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Through arch bridge
Sydney Harbour Bridge, arguably the most famous of this type
Sydney Harbour Bridge, arguably the most famous of this type
Ancestor Truss arch bridge
Related None(see Suspension bridge)
Descendant Tilt bridge
Carries Pedestrians, vehicles, light rail, sometimes heavy rail
Span range Medium
Material Steel
Movable No
Design effort High
Falsework required Seldom

A through arch bridge, "half-through arch bridge" or "through-type arch bridge" is a bridge made from materials such as steel or reinforced concrete in which an arch rises above the deck so it passes through the arch. Cables connect the deck to the arch.

One of the most famous bridges of this type is the Sydney Harbour Bridge in Australia. The Hell Gate Bridge in New York City, the Bayonne Bridge in New Jersey, which is longer than the Sydney Harbour Bridge, as well as the smaller, near-twin Bourne Bridge and Sagamore Bridge over the Cape Cod Canal, are very similar.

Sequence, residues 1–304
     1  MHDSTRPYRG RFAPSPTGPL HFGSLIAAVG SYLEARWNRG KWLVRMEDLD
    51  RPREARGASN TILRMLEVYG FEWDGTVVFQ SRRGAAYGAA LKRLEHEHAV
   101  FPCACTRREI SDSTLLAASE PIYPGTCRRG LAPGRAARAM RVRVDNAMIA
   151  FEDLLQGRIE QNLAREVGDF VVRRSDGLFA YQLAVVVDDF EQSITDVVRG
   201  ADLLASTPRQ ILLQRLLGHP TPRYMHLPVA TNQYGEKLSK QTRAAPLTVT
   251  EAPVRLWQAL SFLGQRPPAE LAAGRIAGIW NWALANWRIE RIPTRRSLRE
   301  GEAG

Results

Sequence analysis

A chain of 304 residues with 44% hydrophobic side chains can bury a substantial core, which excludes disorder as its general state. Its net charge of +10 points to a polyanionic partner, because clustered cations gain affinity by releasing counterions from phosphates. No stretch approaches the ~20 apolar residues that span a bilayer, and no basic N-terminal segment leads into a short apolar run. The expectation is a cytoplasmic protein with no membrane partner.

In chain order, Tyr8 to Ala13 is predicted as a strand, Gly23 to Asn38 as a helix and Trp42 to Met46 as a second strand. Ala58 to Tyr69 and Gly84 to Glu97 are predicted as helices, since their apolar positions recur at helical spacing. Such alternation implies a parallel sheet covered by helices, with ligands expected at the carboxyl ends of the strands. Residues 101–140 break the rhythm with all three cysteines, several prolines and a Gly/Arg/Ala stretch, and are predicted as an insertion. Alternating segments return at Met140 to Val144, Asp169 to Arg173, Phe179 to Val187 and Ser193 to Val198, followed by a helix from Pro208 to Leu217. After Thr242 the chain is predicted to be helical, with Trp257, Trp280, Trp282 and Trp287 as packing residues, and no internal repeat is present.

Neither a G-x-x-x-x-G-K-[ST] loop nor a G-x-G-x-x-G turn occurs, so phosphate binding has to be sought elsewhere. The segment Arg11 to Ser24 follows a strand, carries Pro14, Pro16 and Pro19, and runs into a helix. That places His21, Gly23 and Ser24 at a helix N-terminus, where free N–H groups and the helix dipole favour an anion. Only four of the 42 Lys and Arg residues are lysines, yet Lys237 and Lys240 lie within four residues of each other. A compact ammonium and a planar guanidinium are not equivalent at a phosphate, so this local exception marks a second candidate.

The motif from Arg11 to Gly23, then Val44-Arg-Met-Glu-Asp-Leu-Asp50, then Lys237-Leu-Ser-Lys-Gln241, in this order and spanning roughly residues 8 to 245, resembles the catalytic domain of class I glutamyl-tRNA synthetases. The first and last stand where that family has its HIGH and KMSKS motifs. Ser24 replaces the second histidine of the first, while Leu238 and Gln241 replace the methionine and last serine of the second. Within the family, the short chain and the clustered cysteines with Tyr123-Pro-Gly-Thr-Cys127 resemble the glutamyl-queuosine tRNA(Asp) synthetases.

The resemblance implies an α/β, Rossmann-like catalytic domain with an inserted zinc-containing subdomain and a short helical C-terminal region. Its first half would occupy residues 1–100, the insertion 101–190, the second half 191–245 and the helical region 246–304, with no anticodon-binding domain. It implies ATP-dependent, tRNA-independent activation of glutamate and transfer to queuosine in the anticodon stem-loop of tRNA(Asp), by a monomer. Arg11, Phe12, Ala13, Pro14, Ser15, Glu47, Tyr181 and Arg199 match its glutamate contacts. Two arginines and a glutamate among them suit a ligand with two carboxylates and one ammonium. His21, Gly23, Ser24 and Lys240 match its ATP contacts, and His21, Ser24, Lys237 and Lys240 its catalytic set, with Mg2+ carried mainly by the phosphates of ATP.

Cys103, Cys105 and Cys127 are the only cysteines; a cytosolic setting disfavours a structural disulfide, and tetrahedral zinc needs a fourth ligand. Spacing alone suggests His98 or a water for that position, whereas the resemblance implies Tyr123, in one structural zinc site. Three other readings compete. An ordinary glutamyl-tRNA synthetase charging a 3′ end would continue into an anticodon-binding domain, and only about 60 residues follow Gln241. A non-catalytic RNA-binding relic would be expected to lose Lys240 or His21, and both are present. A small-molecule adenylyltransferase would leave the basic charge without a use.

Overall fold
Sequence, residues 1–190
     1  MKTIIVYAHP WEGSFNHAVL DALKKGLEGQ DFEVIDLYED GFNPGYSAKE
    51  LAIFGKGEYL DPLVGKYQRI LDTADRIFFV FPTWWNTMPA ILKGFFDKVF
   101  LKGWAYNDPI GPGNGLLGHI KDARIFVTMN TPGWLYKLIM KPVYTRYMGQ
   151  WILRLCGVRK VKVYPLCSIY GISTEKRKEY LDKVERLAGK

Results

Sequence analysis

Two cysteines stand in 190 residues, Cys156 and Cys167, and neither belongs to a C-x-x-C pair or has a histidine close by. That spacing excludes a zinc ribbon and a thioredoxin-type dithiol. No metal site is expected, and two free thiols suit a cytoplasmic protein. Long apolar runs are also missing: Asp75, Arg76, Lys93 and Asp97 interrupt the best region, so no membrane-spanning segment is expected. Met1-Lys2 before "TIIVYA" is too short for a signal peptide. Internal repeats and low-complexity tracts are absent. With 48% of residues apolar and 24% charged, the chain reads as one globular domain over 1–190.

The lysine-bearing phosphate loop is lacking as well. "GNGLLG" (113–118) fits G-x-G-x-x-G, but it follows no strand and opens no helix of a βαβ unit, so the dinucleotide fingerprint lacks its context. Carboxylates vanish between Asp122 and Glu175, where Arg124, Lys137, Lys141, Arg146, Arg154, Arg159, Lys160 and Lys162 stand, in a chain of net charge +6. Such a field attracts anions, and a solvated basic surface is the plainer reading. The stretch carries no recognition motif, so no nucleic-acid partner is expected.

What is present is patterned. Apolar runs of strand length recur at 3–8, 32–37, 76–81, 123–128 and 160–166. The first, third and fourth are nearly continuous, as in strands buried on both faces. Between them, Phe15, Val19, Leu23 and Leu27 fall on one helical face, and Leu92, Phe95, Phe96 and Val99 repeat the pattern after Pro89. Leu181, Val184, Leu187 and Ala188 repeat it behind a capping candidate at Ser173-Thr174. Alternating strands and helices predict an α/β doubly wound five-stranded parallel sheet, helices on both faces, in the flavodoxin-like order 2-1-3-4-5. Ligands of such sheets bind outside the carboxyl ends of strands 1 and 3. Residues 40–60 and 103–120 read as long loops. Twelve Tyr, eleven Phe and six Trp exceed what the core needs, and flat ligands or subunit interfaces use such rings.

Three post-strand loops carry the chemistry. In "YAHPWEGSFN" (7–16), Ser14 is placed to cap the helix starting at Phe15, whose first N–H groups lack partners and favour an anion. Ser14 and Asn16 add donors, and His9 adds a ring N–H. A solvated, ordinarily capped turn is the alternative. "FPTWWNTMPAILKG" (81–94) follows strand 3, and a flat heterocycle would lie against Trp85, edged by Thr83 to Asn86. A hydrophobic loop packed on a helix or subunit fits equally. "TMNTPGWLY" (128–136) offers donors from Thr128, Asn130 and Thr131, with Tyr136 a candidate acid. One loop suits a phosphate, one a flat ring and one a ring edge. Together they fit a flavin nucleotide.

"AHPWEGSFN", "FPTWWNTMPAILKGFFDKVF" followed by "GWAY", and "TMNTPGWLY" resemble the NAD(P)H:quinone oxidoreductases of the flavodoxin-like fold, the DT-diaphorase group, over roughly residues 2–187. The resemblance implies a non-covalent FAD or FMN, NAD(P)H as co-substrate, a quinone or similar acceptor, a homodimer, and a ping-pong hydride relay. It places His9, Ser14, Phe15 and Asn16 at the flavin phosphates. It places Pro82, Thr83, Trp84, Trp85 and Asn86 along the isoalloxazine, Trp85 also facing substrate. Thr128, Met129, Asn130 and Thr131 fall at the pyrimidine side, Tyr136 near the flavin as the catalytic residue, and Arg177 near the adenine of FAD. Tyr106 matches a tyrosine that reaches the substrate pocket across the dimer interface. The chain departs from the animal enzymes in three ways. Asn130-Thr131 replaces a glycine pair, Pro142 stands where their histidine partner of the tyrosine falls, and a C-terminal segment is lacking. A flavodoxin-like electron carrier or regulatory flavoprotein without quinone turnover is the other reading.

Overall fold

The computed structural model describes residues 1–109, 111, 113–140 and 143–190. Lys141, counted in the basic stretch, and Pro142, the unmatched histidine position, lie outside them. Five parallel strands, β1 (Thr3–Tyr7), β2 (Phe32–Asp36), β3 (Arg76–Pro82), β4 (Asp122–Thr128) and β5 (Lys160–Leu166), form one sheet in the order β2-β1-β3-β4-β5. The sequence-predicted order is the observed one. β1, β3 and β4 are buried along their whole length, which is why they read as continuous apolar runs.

Construction sequence

In some locations it is not practical to support the arch from beneath during construction.

In modern construction, temporary towers are erected and supported by cables anchored in the ground. Temporary cables fly from each side to support arch segments as they are constructed. When the arches are almost complete a jacking bridge is placed over or beneath the gap to force the arches apart, whence the final section is constructed in place or lifted into position.

In some cases, this type of arch has been created by constructing cantilevers from each side, with the shoreside ends bolted securely down into heavy piers. The incomplete channel ends are then constructed toward each other and either filled by construction or by lifting a prefabricated center section. This type of construction can be seen in the Sydney Harbour Bridge illustrated above.

See also

References

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